Here’s a familiar “grey divorce” scenario – almost.
The couple came to financial planner Beau Henderson’s office after the husband was offered an early retirement buyout. They wanted to know if he could afford to retire early. Henderson told the couple that the numbers looked good, and he could retire.
Neither had planned for his early retirement. The husband wasn’t sure how he was going to spend his time, but he made it clear that he didn’t want to continue working. He took the early retirement.
They returned just two weeks later to see Henderson, founder of RichLife Advisors in Gainesville, Georgia. The husband had a new job, and his wife was happy he was working. It took just two weeks for them to realize that they could not spend all day every day together.
“What it’s like seeing each other on the weekends and evenings – versus being together can be very different,” Henderson says.
When a couple prepares for retirement, they look at their financials, and don’t really think about how the dynamics of their relationship and their lifestyle are going to shift when one of them stops working, Henderson says. That’s one of the reasons gray divorce is skyrocketing.
“People find that after years of working and leading separate lives, they don’t really fit together anymore.”
Gray divorce is defined as divorce by anyone over 50, which would be Baby Boomers. According to the U.S. Census Bureau divorce rates among Americans are highest among the 55 to 64 age group. Also divorce rates are higher among second marriages, and still higher in third marriages. According to the Pew Research Center, divorce among people 50 and older has doubled since 1990. For those 65 and older, the rate has tripled.
People are living longer. People find that after years of working and leading separate lives, they don’t really fit together anymore.
But getting a divorce at that age changes the entire financial landscape going forward, and both parties need to be aware of that, says Greg Hammer, president of Hammer Financial Group in Schererville, Indiana. “It changes the whole financial landscape moving forward.”
If you are getting a divorce, you need a financial analysis, Henderson says. Different assets are handled differently and taxed differently.
Divorce tends to be not a pleasant thing, and many people just want to get it behind them, says Henderson. “Sometimes people sign off on things a little prematurely. My advice is to take some time, work with your attorney and a financial advisor who is well versed in divorce settlements on how to split assets, and make sure that nobody is shortchanged.”
“Getting a divorce at that age changes the entire financial landscape going forward”
Pensions and Social Security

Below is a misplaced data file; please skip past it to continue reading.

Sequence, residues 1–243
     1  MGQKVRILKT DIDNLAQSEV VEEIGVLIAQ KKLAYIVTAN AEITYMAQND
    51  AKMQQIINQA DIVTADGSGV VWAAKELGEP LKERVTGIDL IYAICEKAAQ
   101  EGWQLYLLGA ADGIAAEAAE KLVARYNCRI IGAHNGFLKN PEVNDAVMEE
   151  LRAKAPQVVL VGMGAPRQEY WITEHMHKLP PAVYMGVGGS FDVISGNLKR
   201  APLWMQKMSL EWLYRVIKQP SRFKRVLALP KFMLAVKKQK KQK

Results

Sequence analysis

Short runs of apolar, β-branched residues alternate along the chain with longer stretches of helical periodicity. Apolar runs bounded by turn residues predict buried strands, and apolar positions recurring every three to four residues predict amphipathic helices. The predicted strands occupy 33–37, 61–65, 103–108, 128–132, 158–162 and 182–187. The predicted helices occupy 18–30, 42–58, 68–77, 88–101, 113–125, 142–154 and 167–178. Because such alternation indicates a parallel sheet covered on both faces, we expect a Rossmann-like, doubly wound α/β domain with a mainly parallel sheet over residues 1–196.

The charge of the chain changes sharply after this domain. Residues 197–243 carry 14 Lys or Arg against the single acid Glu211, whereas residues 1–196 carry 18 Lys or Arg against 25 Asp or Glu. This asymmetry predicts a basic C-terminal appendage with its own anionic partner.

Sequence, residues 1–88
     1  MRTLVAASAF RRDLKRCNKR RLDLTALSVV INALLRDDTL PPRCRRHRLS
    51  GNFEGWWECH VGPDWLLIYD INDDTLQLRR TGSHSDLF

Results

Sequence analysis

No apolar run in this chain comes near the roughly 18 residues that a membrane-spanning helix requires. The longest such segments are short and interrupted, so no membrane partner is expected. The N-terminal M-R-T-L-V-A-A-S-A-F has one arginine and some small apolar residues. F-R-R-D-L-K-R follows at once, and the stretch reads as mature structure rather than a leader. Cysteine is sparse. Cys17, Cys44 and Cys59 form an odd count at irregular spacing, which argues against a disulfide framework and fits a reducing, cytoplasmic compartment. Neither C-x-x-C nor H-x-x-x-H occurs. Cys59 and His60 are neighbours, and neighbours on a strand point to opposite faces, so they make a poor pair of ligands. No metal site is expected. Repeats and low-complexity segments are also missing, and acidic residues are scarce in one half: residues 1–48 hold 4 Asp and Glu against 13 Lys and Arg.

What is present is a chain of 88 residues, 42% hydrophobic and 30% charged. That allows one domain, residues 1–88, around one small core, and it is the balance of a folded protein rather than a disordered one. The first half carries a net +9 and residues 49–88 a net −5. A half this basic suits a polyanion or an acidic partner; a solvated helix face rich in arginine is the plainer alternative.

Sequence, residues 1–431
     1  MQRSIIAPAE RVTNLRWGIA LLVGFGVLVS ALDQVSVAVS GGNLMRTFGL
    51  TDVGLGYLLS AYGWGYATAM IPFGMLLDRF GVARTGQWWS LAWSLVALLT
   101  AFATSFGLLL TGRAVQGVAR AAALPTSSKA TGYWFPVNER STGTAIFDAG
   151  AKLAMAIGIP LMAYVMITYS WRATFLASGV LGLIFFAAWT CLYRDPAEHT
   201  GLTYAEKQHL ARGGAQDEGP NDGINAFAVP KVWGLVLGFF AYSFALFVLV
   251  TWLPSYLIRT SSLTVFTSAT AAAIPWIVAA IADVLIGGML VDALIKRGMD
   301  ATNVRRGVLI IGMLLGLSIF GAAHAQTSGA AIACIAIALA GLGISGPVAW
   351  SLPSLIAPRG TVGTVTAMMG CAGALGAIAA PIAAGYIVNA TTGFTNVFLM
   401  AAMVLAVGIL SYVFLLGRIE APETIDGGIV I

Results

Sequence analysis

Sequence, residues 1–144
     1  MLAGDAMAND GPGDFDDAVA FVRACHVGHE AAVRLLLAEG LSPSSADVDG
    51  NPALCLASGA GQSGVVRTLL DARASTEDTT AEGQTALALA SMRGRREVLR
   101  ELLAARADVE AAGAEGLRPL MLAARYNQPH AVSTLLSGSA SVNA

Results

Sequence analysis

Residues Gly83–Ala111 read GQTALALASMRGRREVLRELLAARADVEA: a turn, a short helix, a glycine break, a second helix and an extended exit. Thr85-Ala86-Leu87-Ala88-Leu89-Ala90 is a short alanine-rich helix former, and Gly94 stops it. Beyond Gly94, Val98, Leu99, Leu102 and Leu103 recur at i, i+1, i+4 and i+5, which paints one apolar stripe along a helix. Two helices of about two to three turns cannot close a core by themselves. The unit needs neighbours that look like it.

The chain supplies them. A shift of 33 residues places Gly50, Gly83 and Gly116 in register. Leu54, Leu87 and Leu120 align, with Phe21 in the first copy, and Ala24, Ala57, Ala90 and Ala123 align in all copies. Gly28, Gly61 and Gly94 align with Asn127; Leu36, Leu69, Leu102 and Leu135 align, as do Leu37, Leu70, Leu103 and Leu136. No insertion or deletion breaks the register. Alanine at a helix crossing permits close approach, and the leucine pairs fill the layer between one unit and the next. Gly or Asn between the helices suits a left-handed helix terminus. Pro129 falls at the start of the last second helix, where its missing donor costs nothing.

“Anything that is income with pensions or Social Security is probably not going to be a 50-50 split,” says Hammer. “It’s going to be skewed towards the main earner.” If the spouse had a survivor benefit that will be lost with the divorce, they will need to offset that loss of income. And with Social Security, the higher wage earning is inevitably going to be receiving the larger check.
If one person gets the house, how do you figure out the equal equivalent for the other spouse? “It might not just be the value of the house as an asset because – again – we’ve got to pay attention to how things are taxed and what kind of income streams they can provide,” Henderson says.
“If you’re getting divorced and you have $100,000 in a traditional IRA and $100,000 in a Roth, you want the Roth,” Hammer says. They’re both worth $100,000, but because of the tax advantages, the Roth is worth more to the owner. (Taxes are deferred on the traditional IRA, but the money in a Roth has already been taxed, and the account grows tax-free.)
“There’s just a lot of complexity in terms of which assets remain with which spouse,” Hammer says.
Tax filing status
“You go from a filing a joint tax return to a single return. The divorce creates a higher tax liability on the couple’s assets. Those assets could potentially be worth a lot less because the tax liabilities higher.”
Hammer says each divorced spouse’s expenses may not be much lower. For example, the cost of a household is not much different whether one person is living there or two. In a divorce you might go from one household with expenses $6,000 a month to two households needing $5,000 a month each. The divorce will put a greater strain on the finances of both spouses, possibly requiring them to draw a higher percentage of their savings to make up for the loss of income.
“They need to really rethink the whole distribution plan – the whole income plan,” Hammer says. “They need to just reevaluate everything that they’re doing as if they’re starting over.”
Rodney A. Brooks writes about retirement and personal finance issues. His column currently runs in U.S. News & World Report. He has written columns on retirement for The Washington Post and USA TODAY. He has also written for National Geographic, Next Avenue and Black Enterprise magazine. He retired as Deputy Managing Editor/Personal Finance and retirement columnist for USA TODAY in 2015.
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